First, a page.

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No need to treat majority of prostate cancers

Kathleen Blanchard's picture

A large study shows there is no need to treat the majority of prostate cancers. Researchers have isolated a protein that can predict how prostate cancer will progress. The findings, published in the British Journal of Cancer, could be used to develop a blood test that tells physicians when prostate cancer has become aggressive.

The study is the largest of its kind to look at outcomes between aggressive and non-aggressive prostate cancer. Scientists followed 4,000 prostate cancer patients over a period of 15 years to gain an understanding of the how the disease progresses. A protein called Hsp-27, in cancer cells was discovered by pathologists that with careful monitoring can predict prostate cancer behavior, and whether treatment should be initiated.

The protein was not found in sixty percent of prostate cancers. Men with non-aggressive prostate cancer can live for years with no negative impact on quality of life. The presence of Hsp-27 protein in cells is a sign that prostate cancer will become aggressive. When the protein is not present, careful monitoring of prostate cancer may be all that is needed, compared to surgery and treatment with drugs.

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The Hsp-27 protein helps healthy cells that become stressed survive. It also can prevent cancer cells from dying, allowing prostate cancer to spread. The study concluded that “Hsp-27 is an accurate and independent predictive biomarker of aggressive disease with poor clinical outcome.”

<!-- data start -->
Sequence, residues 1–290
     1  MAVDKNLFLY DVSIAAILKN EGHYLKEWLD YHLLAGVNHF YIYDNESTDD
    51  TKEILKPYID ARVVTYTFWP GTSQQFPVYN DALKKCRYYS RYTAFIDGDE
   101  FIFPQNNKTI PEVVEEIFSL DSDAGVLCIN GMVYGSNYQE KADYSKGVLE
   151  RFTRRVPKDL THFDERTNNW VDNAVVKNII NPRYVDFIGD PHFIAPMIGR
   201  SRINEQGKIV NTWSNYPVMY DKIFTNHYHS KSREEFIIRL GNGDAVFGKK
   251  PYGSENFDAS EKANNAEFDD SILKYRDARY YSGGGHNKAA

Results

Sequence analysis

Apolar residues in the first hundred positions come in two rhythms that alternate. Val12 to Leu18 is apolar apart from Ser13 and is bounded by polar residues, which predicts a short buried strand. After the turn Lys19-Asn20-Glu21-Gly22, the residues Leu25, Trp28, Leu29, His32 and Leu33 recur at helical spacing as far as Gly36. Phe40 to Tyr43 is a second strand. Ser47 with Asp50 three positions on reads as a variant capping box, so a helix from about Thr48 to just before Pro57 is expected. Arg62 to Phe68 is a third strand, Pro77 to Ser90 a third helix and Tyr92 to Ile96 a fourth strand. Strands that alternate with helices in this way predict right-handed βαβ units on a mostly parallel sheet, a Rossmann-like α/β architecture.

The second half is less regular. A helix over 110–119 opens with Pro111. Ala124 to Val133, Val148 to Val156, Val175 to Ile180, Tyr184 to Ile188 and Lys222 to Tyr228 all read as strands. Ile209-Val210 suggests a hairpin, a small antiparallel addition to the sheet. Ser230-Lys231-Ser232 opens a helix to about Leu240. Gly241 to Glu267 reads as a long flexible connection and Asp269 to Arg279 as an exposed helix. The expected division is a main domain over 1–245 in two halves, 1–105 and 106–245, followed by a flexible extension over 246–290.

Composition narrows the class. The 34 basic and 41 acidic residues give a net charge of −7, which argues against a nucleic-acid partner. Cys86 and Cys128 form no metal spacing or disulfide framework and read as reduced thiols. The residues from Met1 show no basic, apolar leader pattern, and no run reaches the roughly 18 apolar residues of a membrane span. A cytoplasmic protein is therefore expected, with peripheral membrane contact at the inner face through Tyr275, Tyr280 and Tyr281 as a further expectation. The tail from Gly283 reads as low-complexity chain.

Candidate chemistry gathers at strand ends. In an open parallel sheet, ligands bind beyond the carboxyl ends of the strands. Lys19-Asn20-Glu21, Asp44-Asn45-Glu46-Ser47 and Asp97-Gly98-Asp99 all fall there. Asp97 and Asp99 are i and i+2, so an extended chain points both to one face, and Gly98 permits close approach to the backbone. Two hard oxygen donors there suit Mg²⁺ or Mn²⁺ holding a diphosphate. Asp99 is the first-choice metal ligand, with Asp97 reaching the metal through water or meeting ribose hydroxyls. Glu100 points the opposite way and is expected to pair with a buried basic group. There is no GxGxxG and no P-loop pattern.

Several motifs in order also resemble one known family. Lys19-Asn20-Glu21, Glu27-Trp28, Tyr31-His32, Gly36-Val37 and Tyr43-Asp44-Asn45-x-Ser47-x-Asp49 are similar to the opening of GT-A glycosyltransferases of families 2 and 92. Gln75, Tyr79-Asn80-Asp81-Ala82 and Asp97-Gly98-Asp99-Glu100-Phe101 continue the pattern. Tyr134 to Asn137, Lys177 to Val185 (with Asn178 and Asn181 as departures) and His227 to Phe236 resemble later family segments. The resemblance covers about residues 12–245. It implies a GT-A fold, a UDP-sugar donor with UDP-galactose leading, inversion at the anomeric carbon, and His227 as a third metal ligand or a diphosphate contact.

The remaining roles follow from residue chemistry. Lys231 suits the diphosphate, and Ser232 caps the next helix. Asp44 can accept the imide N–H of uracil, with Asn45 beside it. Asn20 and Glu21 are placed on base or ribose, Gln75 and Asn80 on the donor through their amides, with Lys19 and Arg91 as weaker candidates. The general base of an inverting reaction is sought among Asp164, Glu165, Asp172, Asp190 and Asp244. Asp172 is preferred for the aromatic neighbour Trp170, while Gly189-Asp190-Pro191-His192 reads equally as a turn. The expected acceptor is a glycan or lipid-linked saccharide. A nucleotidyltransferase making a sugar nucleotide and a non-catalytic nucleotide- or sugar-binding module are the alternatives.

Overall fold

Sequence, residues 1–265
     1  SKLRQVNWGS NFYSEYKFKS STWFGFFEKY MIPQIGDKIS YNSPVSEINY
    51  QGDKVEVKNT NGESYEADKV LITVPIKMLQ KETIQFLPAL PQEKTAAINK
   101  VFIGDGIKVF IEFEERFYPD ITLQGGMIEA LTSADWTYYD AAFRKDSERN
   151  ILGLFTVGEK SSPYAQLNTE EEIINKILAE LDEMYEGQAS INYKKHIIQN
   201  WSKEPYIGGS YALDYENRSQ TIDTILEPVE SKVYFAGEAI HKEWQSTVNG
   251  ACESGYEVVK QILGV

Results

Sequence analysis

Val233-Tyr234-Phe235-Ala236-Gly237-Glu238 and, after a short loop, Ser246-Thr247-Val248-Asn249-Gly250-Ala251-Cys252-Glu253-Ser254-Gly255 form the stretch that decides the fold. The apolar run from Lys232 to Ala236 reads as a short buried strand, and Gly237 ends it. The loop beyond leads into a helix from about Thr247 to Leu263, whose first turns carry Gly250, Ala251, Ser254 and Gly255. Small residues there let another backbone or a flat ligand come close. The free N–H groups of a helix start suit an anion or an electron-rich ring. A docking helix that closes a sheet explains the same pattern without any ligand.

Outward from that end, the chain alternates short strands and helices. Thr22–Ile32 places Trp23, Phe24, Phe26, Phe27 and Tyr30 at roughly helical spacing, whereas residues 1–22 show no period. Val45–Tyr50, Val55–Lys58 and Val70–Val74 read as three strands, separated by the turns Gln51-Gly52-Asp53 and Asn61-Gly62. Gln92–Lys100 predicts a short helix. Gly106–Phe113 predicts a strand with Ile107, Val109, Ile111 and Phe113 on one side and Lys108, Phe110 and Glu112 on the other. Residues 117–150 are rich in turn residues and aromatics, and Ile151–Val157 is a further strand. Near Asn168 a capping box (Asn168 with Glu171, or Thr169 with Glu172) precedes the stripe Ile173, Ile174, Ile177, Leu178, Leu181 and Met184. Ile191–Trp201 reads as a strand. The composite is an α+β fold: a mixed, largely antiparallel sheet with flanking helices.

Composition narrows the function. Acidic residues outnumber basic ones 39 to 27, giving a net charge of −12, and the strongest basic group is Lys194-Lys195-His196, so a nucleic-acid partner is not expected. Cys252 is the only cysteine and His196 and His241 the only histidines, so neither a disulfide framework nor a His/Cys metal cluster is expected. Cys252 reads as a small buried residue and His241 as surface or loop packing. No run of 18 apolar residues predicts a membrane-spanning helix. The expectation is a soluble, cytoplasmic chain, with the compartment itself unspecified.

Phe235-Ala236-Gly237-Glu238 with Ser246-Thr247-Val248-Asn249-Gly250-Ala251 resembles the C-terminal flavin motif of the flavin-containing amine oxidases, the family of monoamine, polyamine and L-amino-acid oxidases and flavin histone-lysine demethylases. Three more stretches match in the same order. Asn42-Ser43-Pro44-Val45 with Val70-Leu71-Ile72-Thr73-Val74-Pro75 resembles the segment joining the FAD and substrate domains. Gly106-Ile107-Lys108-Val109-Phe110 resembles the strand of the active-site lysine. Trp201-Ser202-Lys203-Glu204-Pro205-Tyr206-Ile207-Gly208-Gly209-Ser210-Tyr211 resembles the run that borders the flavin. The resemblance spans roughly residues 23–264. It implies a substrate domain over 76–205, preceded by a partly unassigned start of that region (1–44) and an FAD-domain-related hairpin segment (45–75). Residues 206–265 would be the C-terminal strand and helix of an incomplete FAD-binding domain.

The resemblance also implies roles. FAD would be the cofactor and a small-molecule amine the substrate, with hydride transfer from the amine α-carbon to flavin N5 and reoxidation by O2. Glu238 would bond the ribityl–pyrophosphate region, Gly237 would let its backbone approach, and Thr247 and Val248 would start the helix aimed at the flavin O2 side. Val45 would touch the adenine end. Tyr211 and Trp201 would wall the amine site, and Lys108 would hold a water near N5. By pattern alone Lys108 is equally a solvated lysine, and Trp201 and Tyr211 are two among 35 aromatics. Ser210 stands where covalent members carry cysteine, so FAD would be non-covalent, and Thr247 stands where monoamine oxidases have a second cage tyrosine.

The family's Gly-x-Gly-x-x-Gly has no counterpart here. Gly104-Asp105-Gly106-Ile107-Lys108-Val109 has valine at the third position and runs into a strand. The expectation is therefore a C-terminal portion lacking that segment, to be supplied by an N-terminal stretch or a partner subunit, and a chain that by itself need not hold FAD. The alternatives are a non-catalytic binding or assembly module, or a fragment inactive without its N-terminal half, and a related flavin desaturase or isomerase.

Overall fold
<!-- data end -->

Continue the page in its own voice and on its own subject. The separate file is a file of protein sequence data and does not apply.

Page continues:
Professor Chris Foster, Head of the University's Division of Pathology says, "Cancer of any kind is a very distressing disease and has the ability to impact on every aspect of a person's life. Chemotherapy and surgery can also have a significant effect on health and wellbeing and that is why it is important that we first understand the biological nature of the disease and how it will behave in each individual patient, before determining if and when a person needs a particular type of treatment.”

The study shows that by monitoring the HsP-27 protein, physicians can know when to initiate prostate cancer treatment. The result is less interference with life for men who undergo surgery and other prostate cancer interventions. The researchers write, “We have shown that in the majority of cases, however, this marker is not expressed and therefore patients do not necessarily need to go through [prostate cancer] treatment to lead a normal life."

Source: BJC
Kathleen Blanchard RN
Charlotte, NC
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